David Skeels, 67 of Ansley, was sentenced in Custer County District Court on Thursday, June 18 after he pled guilty in January as part of a plea deal to motor vehicle homicide (class IIIA felony), criminal attempt (class IIIA felony), and reckless driving (class III misdemeanor).
Skeels was charged following a deadly accident in October of 2018 where Skeels failed to stop at a stop sign at the intersection of Cumro Road and Highway 183 and crashed into the passenger side of a Dodge pickup. The impact killed the passenger of the vehicle, Brandon Massman and injured the driver, Wyatt Torticill who was taken to a hospital in Kearney.
Before arguments, Custer County Attorney Steve Bowers read two letters one from Wyatt Torticill and another from the family of Brandon Massman. Torticill stated that due to the actions of Skeels he was now suffering from PTSD (post-traumatic stress disorder), anxiety, and other ailments. Torticill also stated that he believed Skeels feels no remorse for the accident as he never attempted to reach out to the family or help in a direct way at the accident.
In the letter from the family of Brandon Massman, they stated that Brandon’s younger brother will now have to grow up without his role model and the person he looked up to. They stated that their family will never be the same because of the reckless decision Skeels made to run the stop sign.
During arguments, Bowers stated that there were discrepancies in the story Skeels told the probation office for the pre-sentence report and what was told to police at the time of the accident. Skeels claimed that he did a rolling stop and looked both ways, but also stated that he didn’t see the stop sign and the pickup just appeared.
Bowers also said that while Skeels had a limited criminal history this was an accident that was going to happen at some point. Bowers asked to court to sentence Skeels to prison for a term of seven years while also revoking his driving privileges.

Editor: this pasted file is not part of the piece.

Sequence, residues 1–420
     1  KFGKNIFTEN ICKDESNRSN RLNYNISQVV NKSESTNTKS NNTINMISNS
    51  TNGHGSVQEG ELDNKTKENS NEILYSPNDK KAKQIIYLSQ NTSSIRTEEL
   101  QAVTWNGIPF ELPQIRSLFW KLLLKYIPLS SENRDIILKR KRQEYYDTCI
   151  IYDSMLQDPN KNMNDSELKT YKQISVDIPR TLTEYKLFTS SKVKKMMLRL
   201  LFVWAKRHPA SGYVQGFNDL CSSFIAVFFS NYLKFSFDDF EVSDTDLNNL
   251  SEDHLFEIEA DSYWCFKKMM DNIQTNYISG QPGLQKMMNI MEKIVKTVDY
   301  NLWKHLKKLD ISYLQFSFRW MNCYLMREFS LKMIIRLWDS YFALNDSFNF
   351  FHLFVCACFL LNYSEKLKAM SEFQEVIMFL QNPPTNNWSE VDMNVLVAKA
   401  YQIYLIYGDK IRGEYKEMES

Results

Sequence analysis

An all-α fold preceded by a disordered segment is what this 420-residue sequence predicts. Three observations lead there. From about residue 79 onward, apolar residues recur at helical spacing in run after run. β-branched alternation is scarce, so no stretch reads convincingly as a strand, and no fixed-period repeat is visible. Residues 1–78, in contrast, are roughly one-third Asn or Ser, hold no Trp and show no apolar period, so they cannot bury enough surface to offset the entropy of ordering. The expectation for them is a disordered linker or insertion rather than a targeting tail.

Skeels’ attorney, Michael Borders, first argued that the eleven violations were for overweight and axel safety tickets, not for anything driving-related. He also stated that Skeels feels remorse for the accident and is very sorry for what happened, but due to the charges being filed he never could reach out to the family.
Borders did have concerns with the pre-sentence report as it stated Skeels was low risk in all categories, but was not a good candidate for probation based on the victims’ families’ statements. Borders said that Skeels has taken responsibility for the accident and will serve whatever sentence was handed down. Borders asked the court to impose a term of probation and if any jail time were ordered that it be served in the local jail.
Just before being sentenced, Skeels briefly made a comment stating that he was terribly sorry and that he did not want this to happen. Skeels said that he thinks about the accident every day and continues to have nightmares. “I wish I could take that day back,” said Skeels.